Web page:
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Media: How'd They Do Covering The Election?

Blog_media_circusIt wasn't easy reporting on Tuesday night's education results, what with the contrasting mix of outcomes in races and referenda around the country, the clamor of pundits and advocates, and the slow release of information from new advocacy groups.

There's lots more to cover now than there used to be, in terms of education-focused races, ballot inititiatives, and advocacy.  Readers' expectations have been raised by the tidal wave of coverage and detail we get from political reporters.  To be fair, several education reporters were pulled off the beat to cover the storm and its aftermath.

But some news outlets and education reporters handled the challenge better than others, in terms of capturing the results fairly and accurately, and providing context and nuance, in a timely manner.

It's hard to argue with the Huffington Post story (Results Show Mixed Returns On School Reform), and I'm not just saying that because I'm quoted in it.  Writer Joy Resmovits takes care to describe the mix of results around the country and the competing claims of victory but does so without either trying to make the case that either side "won" decisively or throwing her hands up in the air: "In general, the results demonstrate an appetite for some school choice, but a possible distaste for laws that dramatically change the way teachers are hired and fired." 

I'm a big fan of Stephanie Simon, now at Reuters, but not so much of her last couple of stories.  Her piece on the election night results (Teachers unions notch big wins on state education votes) seemed to oversimplify the results.  Simon quotes Mike Petrilli, Dennis Van Roekel, and Linda Darling-Hammond but doesn't defend her assertions very effectively.  Why exactly was the ouster of Tony Bennett so much more significant than the Georgia charter decision?  Why should  the success of the California education funding increase be considered a union win when reformers pushed on it (and labor spent just as much energy defeating a campaign fundraising limits initiative)?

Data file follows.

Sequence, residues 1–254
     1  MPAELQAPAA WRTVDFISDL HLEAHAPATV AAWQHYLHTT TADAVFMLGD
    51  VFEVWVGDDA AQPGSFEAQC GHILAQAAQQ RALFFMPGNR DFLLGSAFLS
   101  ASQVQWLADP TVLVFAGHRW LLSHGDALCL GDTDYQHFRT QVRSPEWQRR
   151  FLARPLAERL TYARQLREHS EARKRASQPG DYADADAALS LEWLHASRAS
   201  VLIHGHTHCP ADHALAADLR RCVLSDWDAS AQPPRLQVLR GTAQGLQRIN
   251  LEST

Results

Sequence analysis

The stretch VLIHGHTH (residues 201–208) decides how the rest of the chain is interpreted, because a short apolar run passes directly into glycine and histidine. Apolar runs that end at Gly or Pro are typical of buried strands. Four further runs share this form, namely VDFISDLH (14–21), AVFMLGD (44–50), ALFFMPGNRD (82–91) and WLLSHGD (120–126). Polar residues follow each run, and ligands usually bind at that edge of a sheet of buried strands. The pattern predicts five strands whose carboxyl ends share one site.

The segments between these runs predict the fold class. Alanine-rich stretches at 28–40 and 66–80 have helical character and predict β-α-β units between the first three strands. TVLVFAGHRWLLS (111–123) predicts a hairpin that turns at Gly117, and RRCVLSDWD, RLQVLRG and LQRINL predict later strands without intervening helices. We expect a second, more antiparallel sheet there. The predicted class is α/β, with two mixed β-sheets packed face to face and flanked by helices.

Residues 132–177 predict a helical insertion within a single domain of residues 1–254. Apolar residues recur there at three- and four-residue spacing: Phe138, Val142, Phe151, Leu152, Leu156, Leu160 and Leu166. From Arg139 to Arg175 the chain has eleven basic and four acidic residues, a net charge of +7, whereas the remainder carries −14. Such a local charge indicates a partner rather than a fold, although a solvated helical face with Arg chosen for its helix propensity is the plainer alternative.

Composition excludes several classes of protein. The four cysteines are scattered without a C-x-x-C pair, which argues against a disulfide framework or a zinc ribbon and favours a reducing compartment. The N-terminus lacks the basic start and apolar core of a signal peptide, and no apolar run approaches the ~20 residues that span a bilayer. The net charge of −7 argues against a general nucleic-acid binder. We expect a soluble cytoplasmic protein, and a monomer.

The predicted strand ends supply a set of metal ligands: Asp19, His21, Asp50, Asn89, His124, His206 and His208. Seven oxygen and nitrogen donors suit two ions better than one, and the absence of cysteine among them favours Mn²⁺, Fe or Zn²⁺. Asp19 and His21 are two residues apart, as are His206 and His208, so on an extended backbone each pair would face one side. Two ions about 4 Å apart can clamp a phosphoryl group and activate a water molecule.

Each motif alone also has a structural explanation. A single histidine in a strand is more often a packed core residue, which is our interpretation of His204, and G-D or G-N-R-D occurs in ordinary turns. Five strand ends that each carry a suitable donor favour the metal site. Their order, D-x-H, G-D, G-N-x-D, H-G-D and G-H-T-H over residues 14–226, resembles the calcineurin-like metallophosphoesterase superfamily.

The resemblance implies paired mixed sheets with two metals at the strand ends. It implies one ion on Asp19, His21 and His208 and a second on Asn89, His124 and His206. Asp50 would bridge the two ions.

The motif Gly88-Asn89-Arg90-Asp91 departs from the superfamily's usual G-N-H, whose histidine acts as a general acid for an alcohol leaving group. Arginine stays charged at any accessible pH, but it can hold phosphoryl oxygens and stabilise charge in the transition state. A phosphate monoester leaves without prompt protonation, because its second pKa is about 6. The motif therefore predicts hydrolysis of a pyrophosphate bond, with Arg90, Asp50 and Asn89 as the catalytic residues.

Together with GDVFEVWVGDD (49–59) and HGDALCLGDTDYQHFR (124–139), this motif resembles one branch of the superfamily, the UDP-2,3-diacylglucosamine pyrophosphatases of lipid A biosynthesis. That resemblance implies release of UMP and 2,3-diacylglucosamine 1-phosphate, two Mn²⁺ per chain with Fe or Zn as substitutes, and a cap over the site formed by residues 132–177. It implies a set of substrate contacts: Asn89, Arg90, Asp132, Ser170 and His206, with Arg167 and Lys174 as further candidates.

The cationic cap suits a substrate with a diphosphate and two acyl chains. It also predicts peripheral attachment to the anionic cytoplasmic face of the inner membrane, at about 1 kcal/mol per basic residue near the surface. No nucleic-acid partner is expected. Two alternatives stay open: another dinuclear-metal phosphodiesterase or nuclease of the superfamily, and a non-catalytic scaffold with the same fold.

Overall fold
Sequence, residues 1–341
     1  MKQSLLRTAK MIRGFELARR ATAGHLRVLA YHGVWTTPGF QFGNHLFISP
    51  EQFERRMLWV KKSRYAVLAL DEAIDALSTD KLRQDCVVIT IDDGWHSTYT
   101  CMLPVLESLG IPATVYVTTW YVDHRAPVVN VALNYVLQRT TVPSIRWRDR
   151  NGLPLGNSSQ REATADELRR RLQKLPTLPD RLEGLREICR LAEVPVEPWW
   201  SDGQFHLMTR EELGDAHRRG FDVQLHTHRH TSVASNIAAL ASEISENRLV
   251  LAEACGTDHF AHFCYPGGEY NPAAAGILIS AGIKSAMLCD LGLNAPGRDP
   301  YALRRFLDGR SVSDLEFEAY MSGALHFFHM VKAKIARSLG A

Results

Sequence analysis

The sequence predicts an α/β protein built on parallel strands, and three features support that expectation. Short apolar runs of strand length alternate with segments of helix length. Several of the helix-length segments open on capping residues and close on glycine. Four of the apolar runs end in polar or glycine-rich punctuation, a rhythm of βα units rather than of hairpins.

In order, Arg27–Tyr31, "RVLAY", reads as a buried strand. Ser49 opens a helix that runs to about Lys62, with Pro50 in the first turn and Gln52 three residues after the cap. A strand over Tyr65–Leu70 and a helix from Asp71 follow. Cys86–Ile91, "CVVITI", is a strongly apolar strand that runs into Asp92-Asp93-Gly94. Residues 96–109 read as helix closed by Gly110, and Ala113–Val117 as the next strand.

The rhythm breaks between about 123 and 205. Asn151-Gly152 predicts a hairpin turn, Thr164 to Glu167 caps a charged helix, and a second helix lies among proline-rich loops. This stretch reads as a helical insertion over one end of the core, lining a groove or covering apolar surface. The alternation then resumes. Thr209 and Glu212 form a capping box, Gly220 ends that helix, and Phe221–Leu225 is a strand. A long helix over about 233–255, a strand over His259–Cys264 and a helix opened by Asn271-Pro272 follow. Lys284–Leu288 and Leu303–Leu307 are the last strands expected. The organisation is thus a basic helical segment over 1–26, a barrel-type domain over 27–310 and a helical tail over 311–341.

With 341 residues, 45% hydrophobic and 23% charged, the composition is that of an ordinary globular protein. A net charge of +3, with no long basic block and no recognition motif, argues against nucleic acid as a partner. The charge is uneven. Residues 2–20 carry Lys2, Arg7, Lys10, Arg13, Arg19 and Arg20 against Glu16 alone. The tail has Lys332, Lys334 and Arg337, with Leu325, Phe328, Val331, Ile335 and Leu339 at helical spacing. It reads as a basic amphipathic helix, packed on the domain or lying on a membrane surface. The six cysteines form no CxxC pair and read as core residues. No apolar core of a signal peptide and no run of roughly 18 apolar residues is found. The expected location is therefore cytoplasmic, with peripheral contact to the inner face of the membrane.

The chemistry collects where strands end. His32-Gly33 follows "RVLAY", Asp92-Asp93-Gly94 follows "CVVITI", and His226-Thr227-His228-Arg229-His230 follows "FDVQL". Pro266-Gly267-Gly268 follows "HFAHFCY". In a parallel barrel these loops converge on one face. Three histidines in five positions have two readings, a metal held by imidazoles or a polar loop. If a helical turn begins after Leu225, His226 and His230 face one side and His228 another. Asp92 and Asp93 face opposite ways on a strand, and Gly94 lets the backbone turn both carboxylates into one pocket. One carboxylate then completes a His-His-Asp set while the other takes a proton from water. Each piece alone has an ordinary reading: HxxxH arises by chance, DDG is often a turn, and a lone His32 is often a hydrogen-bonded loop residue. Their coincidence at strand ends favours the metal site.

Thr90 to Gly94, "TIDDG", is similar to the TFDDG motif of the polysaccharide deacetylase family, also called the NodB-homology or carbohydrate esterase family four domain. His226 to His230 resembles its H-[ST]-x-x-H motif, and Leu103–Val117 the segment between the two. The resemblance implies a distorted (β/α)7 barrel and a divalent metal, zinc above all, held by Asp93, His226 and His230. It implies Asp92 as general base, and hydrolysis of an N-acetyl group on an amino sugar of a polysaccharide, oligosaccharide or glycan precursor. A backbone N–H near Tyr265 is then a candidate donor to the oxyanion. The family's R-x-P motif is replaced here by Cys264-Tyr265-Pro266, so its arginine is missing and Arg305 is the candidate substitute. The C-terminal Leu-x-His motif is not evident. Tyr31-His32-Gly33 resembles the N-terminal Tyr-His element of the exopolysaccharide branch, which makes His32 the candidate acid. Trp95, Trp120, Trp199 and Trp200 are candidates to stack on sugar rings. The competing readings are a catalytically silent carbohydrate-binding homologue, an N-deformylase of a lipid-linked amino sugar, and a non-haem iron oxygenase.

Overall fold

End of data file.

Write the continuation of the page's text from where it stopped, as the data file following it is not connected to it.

Showing up later in the day, the Wall Street Journal's contribution (Election Shows Voters Divided Over Education) also comes down closer to the middle than the Reuters piece, with writer Stephanie Banchero comparing the reform setbacks in Idaho and Indiana to the success in Georgia.

Bringing up the rear has been the New York Times, which ran a story on Tuesday about Proposition 30 and a smattering of other initiatives, education-related and otherwise (In California, a Tight Battle Over Tax Initiative) and this morning has this story focused on the charter issue (Georgia Approves Charter School Measure - Washington State Still Counting).

 

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Teachers' unions mounted an avid, highly visible campaign for California's Prop. 30 (and against Prop. 32, an effort to ban unions from donating to political campaigns, which failed).

The "reform"-supporting Koch brothers funneled money to the No on 30 and Yes on 32 campaigns, using a complex laundering operation that attempted to conceal the sources of the money.

Michelle Rhee (who is now a presence in California) has said forcefully that schools don't need more funding, though other "reform" forces supported Prop. 30.

So it's very clear that Yes on 30 was a teachers' union campaign, while the "reformer" position on it varied.

Also, Gloria Romero -- head of California Democrats for Education Reform and the former legislator who sponsored the nation's first parent trigger law -- was the spokesperson for the unsuccessful Yes on 32 campaign, so the "reform" link with that measure was closely established, while unions (including teachers' unions) were the opposition.

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